Digital access has become a make or break factor for local tertiary education institutions as the COVID-19 pandemic has dictated that most classes are now online.
The transition has come with cost, in many cases unexpected.
Professor Clement Imbert, chairman of the University of T&T, told the business Guardian that the sudden transition required last March was very costly.
“We had to go online immediately. We had to ramp up all of our technology in that regard. License fees, we had to increase our license fees significantly to make sure that the platforms that we use were very reliable. So we had to have a very robust backup system. But we had to… Therefore we had to spend money on extra licensing fees, extra software and hardware in that regard,” he said adding that their transition was further complicated by the erratic internet connection at the University’s headquarters in Tamana.
“The other thing of course is that devices for people. We had to make sure that there was connectivity. Many lecturers were at home and not connected. There were some issues with connectivity because internet is not very reliable at our headquarters in Tamana.
“Those people had to come to Tamana because they did not have connectivity where they were. That was also a problem,” he said.
All of these expenses were unexpected which added to costs at the university.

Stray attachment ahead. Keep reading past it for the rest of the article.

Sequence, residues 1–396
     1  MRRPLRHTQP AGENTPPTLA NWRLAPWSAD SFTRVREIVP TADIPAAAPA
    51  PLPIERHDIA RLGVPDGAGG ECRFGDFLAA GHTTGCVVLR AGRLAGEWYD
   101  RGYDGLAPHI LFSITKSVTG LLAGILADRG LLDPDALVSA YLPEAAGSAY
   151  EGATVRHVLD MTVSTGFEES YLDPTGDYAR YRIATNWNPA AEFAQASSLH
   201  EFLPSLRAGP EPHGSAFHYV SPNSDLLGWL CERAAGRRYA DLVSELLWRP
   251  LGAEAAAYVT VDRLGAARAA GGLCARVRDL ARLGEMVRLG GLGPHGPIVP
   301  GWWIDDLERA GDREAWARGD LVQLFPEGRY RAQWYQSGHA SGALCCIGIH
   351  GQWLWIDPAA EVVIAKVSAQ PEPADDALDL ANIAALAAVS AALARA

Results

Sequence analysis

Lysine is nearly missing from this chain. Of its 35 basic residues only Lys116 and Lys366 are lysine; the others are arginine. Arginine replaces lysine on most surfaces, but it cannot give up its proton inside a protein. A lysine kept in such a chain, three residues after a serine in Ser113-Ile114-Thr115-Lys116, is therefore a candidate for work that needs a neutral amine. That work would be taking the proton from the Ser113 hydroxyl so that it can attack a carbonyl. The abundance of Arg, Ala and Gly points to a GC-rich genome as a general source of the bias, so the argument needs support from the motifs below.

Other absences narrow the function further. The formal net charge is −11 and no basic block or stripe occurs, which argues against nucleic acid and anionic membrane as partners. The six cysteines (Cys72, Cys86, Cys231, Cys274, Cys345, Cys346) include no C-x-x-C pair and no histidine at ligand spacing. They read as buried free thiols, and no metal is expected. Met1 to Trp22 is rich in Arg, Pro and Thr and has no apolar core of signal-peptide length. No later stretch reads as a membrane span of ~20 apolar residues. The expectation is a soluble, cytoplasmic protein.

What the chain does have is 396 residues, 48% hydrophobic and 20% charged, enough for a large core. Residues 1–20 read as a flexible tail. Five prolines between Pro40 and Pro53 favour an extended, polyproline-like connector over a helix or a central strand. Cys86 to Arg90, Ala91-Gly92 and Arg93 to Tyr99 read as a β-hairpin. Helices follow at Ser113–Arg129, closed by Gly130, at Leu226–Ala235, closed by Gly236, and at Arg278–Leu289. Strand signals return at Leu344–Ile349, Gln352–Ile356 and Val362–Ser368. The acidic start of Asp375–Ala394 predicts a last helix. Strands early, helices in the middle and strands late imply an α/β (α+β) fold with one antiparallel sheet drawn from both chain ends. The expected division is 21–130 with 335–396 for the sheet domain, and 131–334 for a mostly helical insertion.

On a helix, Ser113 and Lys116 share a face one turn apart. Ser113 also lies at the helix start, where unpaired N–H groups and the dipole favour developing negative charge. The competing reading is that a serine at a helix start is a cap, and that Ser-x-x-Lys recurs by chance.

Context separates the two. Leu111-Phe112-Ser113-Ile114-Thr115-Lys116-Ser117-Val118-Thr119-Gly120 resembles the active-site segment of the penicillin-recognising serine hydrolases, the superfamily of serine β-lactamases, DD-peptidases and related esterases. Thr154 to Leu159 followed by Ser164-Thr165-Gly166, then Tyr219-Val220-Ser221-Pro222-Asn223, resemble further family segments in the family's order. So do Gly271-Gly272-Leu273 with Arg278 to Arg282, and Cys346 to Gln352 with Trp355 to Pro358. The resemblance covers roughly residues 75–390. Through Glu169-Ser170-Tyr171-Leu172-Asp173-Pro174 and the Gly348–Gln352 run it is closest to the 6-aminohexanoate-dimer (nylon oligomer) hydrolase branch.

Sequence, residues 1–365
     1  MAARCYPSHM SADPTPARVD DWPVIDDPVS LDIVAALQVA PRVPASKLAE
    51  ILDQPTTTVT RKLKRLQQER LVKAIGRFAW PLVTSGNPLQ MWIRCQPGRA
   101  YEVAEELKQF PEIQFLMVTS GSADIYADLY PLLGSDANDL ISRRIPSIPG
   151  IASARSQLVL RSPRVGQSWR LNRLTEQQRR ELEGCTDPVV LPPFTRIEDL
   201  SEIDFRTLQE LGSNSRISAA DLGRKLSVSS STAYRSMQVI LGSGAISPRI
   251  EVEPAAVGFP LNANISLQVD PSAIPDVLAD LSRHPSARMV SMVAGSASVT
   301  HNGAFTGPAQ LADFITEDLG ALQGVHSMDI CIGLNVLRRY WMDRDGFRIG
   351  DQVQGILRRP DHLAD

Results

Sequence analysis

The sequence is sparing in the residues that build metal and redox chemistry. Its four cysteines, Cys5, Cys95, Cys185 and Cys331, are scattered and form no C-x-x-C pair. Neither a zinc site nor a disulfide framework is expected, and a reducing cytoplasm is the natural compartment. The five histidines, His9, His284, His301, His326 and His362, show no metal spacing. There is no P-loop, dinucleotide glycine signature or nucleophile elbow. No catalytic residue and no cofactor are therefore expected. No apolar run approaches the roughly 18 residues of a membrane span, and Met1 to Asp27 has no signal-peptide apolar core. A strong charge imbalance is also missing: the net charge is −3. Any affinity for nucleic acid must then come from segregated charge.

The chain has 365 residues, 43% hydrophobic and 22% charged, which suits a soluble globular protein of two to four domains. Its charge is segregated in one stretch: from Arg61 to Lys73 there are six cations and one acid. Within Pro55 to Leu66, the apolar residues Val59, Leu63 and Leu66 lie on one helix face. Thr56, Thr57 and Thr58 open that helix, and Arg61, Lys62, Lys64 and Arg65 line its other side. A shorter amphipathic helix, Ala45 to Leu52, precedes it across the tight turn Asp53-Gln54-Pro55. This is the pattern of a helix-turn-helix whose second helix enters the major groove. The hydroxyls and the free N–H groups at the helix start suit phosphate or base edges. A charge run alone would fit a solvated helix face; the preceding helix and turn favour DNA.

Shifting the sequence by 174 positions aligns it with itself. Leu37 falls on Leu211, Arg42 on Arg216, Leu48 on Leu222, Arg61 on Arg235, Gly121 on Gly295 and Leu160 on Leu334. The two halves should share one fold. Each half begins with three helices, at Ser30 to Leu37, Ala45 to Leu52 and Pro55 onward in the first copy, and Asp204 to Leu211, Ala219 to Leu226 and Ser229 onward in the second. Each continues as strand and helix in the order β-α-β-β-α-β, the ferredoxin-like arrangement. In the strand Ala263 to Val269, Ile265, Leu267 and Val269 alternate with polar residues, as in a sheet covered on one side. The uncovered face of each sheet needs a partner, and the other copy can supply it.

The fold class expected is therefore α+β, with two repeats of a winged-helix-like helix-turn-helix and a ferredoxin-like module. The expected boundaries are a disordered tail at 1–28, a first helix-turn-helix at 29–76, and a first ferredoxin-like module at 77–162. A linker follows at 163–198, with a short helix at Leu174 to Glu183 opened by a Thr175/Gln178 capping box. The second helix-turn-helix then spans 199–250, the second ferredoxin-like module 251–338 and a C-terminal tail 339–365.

“We have had expenses that we did not expect so yes it has put us in a worse position that we were before,” said Imbert
This transition was also concern for the College of Science, Technology and Applied Arts of T&T, which was at a crossroads concerning what to do with its physical campuses.
“The immediate effect of the pandemic of course was a very sharp pivot to online teaching and learning which resulted in many of the sites not being fully utilised but still generating a heavy expenditure requirement,” said president of COSTAATT Dr Gillian Paul.
This has lead the institution which has eight physical locations across the country, to adjust their business model in the interest of saving money which would be otherwise lost in leases paid for the campuses. Especially when research found that students had been succeeding in the absence of face to face teaching.
“There was no significant damage to performance as a result of the pivot to the large majority of students. So with that consideration the board agreed to modify our business model for us to reduce our physical campus footprint as one of the means of dealing with the financial impact of the pandemic,” she said.
“It is not something that can be done suddenly because you need to make sure that you are not compromising the programme delivery at all. And we expect that maybe by the end of this year we would have sort of reduce the physical footprint at the campus site where we have operations on two floors we might consolidate on one floor,” said Dr Paul who also noted that given the large amount of part time students, online classes would be more favourable even when the pandemic ends.
“A lot of the students have said to us that they really are quite comfortable with the programme in the online mode, and we do not anticipate that all of them would want to come back to face to face because that means the traffic the getting home late, the not seeing the kids because our part time to full time ratio sometimes is as high as 65 per cent part time to 35 per cent full time,” she said.